"I can't believe this hasn't been done."
That's the feedback Bethany Edwards, CEO of Lia Diagnostics, routinely receives about her company's new pregnancy test design, which just secured FDA approval.
And based on the discretion, disposability and sustainability it offers, we couldn't agree more. Made out of paper, the Lia test is foldable and flushable, ensuring privacy in a way the standard sticks can't. And since that paper comes from cellulose, they're also biodegradable.
It was that issue of sustainability that really got the project started.
The creators, a group of University of Pennsylvania students and a faculty member, asked themselves which products long outlive their shelf life. Single-use medical items were quickly deemed among the most wasteful. From there, the team focused on home pregnancy tests, which haven't seen much of a revamp in 30 years.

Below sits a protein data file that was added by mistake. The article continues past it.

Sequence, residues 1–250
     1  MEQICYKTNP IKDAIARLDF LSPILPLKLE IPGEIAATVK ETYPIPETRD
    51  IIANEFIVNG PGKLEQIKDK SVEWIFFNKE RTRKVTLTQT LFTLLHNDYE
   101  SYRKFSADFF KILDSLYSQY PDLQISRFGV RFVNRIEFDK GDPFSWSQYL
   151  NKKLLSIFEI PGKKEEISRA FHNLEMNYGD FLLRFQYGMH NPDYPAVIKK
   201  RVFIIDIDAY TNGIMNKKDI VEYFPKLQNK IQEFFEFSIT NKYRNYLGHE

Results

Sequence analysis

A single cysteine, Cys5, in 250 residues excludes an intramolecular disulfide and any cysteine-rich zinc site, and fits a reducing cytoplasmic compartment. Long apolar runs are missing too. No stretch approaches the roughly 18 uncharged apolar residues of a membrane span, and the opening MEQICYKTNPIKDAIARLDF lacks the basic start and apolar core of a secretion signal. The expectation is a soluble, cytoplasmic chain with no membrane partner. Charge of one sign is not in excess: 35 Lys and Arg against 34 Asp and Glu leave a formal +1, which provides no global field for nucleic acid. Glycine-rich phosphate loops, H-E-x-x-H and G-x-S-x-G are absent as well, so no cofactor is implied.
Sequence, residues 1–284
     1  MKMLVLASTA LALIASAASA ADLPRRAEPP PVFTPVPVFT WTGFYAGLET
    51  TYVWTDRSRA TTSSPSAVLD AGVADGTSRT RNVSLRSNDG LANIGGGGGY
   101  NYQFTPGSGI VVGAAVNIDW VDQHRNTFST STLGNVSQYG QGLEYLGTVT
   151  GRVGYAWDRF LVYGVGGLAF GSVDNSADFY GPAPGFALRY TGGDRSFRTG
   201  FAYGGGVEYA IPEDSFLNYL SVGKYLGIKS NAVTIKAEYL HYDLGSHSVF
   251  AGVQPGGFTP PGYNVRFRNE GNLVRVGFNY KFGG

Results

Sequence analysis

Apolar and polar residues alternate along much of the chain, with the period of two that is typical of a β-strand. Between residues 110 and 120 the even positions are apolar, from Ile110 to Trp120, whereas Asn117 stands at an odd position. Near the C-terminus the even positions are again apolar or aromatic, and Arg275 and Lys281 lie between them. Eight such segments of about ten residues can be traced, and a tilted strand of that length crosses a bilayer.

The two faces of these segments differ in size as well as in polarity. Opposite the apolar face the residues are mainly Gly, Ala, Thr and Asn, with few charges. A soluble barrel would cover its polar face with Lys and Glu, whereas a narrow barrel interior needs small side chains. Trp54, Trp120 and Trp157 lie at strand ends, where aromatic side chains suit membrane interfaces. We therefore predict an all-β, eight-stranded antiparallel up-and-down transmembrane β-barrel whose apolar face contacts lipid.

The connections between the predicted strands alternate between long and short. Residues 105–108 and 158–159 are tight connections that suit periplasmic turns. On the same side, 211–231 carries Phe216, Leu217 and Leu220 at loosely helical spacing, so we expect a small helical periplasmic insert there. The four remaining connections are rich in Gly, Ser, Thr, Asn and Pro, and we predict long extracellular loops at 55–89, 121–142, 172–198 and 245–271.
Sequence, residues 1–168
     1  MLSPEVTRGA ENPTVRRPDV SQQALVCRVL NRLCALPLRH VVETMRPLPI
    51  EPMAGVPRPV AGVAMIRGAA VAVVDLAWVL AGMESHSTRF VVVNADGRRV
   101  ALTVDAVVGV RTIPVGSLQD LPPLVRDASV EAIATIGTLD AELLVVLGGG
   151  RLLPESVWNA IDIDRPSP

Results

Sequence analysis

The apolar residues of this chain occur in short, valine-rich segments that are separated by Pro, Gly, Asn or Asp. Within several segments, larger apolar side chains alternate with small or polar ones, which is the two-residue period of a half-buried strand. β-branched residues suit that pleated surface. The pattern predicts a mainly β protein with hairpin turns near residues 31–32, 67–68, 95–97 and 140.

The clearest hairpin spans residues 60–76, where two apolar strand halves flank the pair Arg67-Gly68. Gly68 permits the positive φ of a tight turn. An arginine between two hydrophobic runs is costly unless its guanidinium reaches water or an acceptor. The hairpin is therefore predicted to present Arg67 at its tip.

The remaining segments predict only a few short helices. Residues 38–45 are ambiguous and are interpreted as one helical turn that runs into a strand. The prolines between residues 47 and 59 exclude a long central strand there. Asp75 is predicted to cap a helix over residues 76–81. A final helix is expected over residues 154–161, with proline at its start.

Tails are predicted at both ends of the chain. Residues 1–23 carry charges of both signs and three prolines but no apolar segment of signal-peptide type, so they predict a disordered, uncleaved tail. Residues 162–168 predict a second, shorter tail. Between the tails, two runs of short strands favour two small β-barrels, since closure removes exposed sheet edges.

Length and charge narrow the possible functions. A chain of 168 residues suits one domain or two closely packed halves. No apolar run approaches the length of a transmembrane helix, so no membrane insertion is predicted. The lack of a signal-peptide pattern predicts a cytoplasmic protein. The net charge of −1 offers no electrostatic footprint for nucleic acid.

"These companies have been focused on ways to increase their margins by charging consumers more," Edwards says of traditional test brands. "They're adding expensive digital components that offer optical readers that will read the results for you—and they're adding to a higher price point."
But Edwards says that misses the mark: Women want privacy and usability more than bells and whistles. Lia improves functionality by widening the target area that women pee on and providing a clear reading. Thanks to "microfluidic channels" running across the test, one side will change color for positive, the other for negative.
The test will be available on Amazon and the Lia website in mid-2018. The team expects it will cost somewhere between $9 and $22.